Improved mental clarity and the ability to focus for longer
Full nights of restful sleep
Improved digestion as your stomach lining begins to heal: acid reflux and heartburn will improve
Week three is all about finding new ways to spend your free time. You may experience some cravings by now, but you’ll probably feel more confident in your sobriety. Most people are no longer experiencing physical or psychological symptoms; the main challenge is getting back into social situations.
It’s good to find new hobbies that reflect healthier behaviors. Surrounding yourself with sober individuals or people who respect your sobriety makes this period easier. Many feel more productive and happy by week three.
After three weeks, your blood pressure is likely to be reduced, which can be good for lowering your risk of stroke or heart disease. Additionally, being sober for three weeks can improve kidney health and functioning. Overall, sobriety can be great for your health; just three weeks without alcohol can do wonders for your body.
By the fourth week, you will be looking into the mirror, wondering who the young person staring back is! Your skin will likely look healthier and more vibrant, dark circles under your eyes will disappear, and you will be less bloated throughout your body. You will likely feel more active with less joint pain, feeling youthful as can be.
It’s not uncommon to feel anxiety and fatigue while experiencing cravings at this time. Some people take several months before cravings begin to quiet. The fourth week leading up to the 30-day mark can be marked with anticipation.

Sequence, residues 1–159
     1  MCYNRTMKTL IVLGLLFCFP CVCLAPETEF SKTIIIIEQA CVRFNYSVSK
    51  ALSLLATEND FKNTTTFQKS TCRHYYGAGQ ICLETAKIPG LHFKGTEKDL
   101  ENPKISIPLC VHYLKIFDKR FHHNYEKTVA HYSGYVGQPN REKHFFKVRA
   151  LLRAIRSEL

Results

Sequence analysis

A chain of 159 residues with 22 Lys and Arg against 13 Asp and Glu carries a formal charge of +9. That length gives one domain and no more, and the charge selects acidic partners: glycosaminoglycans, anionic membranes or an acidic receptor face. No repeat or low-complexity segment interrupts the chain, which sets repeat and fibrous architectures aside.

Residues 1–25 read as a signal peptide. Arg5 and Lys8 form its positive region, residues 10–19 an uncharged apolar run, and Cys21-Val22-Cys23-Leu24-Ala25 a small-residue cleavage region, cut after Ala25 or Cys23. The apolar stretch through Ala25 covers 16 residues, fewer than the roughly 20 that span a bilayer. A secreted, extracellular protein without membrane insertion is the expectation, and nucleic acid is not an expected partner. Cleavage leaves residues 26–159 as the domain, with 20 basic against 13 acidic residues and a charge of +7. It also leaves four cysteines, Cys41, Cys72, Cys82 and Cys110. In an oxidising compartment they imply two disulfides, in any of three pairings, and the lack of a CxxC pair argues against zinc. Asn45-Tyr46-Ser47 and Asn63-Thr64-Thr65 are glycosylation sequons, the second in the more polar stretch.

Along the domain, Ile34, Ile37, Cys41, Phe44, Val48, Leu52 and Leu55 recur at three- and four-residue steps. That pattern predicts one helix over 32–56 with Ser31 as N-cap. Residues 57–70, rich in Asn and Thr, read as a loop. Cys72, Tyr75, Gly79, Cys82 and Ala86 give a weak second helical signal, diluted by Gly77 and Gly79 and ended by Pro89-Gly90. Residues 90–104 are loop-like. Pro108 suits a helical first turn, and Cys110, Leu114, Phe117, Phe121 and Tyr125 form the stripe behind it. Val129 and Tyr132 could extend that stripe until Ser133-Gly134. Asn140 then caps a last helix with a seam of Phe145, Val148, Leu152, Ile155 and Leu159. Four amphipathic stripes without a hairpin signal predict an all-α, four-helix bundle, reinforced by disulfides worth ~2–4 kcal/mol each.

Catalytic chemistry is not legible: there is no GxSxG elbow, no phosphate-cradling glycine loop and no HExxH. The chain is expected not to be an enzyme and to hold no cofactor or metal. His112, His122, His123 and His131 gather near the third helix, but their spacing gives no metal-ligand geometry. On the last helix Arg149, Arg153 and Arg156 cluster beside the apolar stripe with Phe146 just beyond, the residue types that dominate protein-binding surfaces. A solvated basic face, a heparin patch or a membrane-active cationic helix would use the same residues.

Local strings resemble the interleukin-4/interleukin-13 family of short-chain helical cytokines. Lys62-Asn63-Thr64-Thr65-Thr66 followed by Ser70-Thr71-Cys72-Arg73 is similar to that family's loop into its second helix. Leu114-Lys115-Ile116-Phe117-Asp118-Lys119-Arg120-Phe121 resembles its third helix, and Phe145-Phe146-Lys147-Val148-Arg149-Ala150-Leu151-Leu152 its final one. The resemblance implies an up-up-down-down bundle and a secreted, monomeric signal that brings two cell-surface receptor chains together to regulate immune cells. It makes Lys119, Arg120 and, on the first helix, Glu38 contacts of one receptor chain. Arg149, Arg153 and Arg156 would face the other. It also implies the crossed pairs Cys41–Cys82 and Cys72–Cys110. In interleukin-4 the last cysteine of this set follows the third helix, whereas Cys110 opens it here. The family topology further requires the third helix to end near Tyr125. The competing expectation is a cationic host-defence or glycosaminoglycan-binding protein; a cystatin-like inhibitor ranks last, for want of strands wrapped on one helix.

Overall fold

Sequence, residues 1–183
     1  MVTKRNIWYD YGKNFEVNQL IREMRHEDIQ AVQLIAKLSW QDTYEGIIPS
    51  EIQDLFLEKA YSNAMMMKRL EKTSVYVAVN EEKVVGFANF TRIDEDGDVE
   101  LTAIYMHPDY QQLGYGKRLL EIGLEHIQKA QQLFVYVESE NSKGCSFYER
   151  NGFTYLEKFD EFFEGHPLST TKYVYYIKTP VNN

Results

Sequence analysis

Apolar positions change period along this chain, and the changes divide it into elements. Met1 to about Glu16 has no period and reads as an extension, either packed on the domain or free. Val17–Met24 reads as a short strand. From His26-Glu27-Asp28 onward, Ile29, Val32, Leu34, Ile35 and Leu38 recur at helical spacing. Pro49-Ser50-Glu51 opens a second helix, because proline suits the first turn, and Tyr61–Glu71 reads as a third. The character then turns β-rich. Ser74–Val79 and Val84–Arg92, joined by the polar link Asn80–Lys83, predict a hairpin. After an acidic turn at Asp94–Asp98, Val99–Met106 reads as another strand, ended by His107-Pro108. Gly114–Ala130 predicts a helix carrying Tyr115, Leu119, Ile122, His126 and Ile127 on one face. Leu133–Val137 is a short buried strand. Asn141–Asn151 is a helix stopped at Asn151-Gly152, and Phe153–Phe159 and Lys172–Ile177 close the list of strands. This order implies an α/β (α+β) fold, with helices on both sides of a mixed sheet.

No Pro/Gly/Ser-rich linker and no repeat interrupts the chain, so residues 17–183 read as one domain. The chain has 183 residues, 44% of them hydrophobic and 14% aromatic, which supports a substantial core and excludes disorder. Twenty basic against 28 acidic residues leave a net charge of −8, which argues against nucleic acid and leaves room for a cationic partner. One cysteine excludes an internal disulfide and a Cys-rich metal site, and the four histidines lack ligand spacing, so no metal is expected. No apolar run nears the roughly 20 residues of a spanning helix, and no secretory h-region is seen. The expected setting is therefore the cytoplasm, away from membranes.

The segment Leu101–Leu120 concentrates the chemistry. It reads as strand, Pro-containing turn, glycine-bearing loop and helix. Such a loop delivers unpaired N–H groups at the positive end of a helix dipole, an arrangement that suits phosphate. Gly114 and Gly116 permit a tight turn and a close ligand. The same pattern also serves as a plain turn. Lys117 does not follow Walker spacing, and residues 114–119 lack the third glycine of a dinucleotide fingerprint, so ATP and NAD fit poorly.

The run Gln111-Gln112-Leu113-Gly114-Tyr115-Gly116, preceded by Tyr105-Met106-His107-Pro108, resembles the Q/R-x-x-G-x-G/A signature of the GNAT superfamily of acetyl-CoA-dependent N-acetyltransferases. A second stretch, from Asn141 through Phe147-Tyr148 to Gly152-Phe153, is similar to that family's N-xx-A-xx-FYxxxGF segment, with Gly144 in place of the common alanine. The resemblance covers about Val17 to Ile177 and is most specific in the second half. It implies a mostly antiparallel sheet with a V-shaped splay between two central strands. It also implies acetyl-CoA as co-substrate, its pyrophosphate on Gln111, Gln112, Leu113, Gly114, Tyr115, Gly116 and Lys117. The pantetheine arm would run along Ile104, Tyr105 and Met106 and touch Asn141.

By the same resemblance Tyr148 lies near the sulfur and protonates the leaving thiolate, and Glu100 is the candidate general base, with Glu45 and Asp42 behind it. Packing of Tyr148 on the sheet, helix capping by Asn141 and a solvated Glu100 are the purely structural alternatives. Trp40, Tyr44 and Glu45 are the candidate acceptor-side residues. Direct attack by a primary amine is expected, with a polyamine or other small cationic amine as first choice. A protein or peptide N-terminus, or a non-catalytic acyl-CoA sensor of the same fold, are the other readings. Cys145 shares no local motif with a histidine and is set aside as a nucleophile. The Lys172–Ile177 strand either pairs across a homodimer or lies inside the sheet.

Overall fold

You might be worried you will fail, but you’ve come so far in your journey that even a minor slip-up wouldn’t be the end of the world. Congratulate yourself for making it this far, and take note of how positive your life has become in just a short 30 days.
At the End of 30 Days
At this point, you should pat yourself on the back. Thirty days without alcohol is difficult to do, and you’ve done it! By now, you’ll probably have had some time to think about abstinence versus drinking in moderation. You can plan what the next few weeks of your life will look like, with sobriety being a much easier option now.
Your mental and physical health will thank you for putting in the time and energy to feel better.
Seeking Out Sobriety
Having a place where you can share your accomplishments and learn from others’ journeys can help you succeed. Sober Sidekick is an app that understands the importance of community guidance during the recovery process. When you download it on Android or iPhone, you can connect with other sober individuals and share your experiences.
With complete anonymity, you can feel confident in sharing and building relationships without any fear of judgment. The benefits of feeling accepted and understood are immeasurable. Try Sober Sidekick out today to continue progressing in your addiction recovery.